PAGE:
He was about halfway through the book when his chest started buzzing. Puzzled, he realized it was coming from the Omega symbol on his chest. He touched it and heard a crackle of static in his head that made him jump.

"Connor, this is Scott. What do you think you're doing?" Scott Pulaski's voice seemed to be coming from all around him.

"Shittin' meself if ye do that agin!" Connor replied. "Where the hell are ye?"

"I'm at home. But when you put on your uniform, you activate the telepathic link built into it."

"How do ye build a telepathic link into a suit o' clothes?"

"Well, see, we have people constantly monitoring those suits, mostly for learning purposes when you train. They've got a transducer built into them. It's brand new; actually turns tele- pathic energy into electric energy and vice versa."

"Neat. Very Star Trek," Connor remarked.

"So what are you doing?"

"Just a wee bit o' readin'," Connor said, calming a bit. "I always like comin' here late hours. But with no one around..."

"With no one around, it's against the rules for a student to be in there."

"Aw, c'mon, Scott. Ye've got ta applaud me initiative..."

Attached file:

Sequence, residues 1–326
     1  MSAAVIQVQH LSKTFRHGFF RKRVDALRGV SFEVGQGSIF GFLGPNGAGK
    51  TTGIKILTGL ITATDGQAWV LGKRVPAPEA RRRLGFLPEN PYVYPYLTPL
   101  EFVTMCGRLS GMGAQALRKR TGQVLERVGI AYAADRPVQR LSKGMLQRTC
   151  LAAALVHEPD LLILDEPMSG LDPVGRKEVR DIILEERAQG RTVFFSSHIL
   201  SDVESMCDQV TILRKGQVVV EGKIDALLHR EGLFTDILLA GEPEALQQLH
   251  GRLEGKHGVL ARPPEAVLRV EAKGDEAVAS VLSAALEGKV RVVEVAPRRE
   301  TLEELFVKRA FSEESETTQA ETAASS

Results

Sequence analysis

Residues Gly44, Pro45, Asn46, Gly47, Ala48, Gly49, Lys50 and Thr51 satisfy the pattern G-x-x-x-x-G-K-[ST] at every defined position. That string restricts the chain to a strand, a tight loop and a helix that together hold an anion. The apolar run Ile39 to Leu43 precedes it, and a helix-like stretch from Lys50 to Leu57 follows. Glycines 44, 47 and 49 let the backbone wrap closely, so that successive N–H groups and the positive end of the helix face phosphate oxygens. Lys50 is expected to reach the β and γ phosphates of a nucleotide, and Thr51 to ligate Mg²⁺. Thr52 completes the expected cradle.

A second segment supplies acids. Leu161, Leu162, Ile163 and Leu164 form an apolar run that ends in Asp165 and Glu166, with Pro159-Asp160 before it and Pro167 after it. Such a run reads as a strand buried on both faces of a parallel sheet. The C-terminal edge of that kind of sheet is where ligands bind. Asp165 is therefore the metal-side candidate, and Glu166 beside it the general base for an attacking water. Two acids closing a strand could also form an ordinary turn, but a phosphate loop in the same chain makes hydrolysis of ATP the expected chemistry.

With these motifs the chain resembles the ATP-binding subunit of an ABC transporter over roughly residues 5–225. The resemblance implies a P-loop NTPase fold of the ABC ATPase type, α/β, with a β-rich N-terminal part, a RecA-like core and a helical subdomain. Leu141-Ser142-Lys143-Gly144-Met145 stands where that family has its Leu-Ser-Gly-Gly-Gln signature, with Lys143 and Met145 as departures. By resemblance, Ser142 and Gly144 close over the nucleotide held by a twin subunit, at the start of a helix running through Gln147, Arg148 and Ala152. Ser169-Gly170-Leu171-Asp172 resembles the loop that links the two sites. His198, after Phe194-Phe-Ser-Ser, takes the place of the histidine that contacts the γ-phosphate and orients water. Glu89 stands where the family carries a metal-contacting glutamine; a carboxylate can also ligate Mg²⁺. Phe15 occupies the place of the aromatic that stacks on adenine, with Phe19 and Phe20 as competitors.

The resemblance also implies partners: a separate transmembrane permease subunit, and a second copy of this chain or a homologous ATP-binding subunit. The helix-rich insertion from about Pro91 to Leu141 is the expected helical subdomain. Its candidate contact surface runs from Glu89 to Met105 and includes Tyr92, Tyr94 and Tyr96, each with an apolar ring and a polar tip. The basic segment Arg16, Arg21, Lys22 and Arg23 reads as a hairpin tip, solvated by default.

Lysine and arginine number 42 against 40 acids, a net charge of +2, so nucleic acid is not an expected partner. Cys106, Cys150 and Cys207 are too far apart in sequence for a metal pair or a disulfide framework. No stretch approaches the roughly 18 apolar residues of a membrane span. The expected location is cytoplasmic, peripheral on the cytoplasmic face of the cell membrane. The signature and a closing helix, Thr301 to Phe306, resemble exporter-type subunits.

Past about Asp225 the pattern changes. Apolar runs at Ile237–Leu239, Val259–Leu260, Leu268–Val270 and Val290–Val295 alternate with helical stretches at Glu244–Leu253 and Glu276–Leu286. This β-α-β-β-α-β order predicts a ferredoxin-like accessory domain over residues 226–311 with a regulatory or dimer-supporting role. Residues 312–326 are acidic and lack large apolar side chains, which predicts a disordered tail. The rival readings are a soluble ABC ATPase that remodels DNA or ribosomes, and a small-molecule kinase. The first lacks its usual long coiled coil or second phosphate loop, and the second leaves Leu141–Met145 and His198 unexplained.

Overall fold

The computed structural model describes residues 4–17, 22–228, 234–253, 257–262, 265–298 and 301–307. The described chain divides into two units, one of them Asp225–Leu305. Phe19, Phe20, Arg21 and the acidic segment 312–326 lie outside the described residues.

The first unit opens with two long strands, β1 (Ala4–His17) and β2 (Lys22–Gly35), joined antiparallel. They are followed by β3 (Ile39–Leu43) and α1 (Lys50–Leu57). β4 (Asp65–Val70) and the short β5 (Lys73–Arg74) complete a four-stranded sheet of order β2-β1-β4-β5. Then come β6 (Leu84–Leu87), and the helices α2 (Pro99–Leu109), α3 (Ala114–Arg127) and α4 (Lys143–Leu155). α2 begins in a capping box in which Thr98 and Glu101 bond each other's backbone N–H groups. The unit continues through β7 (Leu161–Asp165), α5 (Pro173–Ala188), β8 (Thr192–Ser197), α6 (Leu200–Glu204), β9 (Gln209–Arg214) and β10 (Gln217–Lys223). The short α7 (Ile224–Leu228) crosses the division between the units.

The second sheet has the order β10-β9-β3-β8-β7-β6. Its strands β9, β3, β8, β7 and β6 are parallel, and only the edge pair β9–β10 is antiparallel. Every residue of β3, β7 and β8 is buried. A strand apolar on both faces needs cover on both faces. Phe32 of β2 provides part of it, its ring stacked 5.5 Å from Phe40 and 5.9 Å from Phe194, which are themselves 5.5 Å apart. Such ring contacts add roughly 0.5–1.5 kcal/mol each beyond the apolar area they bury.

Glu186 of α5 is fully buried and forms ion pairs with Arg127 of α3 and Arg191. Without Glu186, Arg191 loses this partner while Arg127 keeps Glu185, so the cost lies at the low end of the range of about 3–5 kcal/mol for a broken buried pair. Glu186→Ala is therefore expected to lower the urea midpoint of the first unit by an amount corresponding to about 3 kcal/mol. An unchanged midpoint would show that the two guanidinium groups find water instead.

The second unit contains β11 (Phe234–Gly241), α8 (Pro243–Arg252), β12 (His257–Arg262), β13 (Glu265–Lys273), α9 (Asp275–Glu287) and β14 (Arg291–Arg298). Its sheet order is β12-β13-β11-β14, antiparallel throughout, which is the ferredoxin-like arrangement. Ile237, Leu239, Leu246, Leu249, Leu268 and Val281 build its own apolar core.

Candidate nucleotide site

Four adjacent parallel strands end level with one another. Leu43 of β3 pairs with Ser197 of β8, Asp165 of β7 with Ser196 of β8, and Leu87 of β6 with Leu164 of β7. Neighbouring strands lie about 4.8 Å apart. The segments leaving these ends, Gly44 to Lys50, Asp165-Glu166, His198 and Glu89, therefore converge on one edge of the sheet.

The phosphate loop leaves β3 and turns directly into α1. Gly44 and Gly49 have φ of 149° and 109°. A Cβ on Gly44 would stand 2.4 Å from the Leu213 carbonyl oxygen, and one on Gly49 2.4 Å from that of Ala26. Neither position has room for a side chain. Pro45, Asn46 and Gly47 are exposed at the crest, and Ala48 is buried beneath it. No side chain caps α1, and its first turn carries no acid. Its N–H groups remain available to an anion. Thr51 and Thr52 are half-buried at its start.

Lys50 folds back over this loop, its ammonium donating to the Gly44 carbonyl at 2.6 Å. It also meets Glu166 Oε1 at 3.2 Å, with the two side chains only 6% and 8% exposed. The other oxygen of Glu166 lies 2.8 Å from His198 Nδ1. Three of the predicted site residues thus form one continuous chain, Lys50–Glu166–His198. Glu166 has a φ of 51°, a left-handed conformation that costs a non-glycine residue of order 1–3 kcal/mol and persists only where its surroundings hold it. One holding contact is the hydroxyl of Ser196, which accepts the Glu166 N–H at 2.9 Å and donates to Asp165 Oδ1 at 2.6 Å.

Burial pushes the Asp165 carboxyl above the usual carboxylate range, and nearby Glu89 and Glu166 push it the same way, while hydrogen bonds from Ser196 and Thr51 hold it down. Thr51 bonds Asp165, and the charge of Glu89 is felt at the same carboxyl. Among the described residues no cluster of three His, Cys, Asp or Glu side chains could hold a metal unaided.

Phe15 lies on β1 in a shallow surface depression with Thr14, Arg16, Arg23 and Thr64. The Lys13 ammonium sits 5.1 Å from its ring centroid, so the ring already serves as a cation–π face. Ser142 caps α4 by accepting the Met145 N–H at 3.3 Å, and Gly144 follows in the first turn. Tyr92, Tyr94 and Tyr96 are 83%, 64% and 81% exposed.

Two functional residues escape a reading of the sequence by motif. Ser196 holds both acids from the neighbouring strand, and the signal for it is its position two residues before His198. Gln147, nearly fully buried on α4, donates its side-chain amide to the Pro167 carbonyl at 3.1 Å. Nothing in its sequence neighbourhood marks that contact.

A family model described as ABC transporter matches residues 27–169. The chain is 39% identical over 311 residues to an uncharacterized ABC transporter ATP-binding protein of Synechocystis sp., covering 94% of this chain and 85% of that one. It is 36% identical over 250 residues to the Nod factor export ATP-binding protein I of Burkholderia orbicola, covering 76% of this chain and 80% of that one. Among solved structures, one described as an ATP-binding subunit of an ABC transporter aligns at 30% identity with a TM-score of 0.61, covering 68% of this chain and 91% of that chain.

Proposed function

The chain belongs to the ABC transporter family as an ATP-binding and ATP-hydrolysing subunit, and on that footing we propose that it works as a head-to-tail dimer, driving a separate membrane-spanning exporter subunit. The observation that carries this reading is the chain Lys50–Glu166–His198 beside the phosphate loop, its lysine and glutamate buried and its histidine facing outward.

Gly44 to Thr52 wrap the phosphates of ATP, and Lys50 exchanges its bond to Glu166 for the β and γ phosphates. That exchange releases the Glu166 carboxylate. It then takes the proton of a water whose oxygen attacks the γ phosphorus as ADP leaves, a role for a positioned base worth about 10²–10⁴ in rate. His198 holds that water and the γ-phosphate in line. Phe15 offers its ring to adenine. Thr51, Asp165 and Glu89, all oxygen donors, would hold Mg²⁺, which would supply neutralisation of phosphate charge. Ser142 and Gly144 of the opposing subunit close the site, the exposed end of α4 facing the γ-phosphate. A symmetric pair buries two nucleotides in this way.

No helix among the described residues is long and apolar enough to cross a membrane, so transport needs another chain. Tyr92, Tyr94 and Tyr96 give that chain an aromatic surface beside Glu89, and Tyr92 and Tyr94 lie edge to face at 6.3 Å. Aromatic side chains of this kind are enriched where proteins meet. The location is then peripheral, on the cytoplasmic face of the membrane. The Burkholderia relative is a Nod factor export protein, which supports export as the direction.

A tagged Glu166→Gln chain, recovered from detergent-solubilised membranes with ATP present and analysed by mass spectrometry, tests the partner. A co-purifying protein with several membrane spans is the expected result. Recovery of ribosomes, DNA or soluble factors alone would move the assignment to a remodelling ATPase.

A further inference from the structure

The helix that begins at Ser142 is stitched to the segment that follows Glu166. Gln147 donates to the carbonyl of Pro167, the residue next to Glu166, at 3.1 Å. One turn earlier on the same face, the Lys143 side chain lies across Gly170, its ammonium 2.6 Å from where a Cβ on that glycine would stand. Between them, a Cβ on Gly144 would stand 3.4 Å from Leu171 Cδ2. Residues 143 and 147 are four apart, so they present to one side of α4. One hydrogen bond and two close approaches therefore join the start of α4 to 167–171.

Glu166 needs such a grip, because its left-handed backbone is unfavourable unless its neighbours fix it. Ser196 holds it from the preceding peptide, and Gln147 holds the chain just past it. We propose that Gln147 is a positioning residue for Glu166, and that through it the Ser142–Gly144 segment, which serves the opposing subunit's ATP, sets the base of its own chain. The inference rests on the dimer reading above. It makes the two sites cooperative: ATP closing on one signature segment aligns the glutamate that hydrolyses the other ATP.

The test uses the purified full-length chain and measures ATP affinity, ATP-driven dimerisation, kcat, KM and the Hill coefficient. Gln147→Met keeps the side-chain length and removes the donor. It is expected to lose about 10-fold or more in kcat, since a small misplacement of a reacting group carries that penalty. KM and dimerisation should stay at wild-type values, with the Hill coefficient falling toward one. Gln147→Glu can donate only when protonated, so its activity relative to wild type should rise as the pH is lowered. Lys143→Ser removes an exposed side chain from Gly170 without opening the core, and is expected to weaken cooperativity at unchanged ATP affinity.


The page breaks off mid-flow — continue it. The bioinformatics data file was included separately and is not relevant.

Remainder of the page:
"Why don't you just go off campus if you're so bored?"

"With who? All me mates sodded off for the holidays, remember? They'll no' be back for two more weeks."

"There's Jake. He's living on campus over break..."

"I tried that!" Connor leaned up against the bookshelf, closing his eyes in gratitude that no one could see him right now. "I went by his room but he wasnae there, and you couldn't get me into that lab o' yours with naked women and dynamite."

"I have to hand it to you,'ve got a way with a metaphor."

"Look, jus' let me finish my book an' I'll go. Scouts honor."

"You were a scout?"

Connor scowled.

"I seem to be one now, yes."

Mike Ketter felt the weight of a pitchfork of clean hay stretching the muscles of his back and ribcage: It was surprising how much strength for chores he'd lost.

After finishing with the stalls, he stepped outside into the cold grey day and dumped the wheelbarrow full of sodden wood shavings and horseshit onto the compost pile, wiping his hands afterwards on his tatty farm-jeans. He looked off into the distance and tried to figure out what he was going to tell his father.

Dad, I'm not going to be an engineer. Because I'm nowhere's good enough.

He could already hear the argument: not that his dad was a bad guy...Mike flattered himself that they actually had a good relationship...but because he'd heard it before. Picking up the shovel and rake and depositing them into the shed, he could hear the lines shaping in the wind: You just have to learn to apply yourself, that's all.

Grabbing the bright blue feed buckets, he headed out into the paddock and began dumping grain, the molasses-heavy sweet- feed the Percherons demanded, into the bin near the water-trough.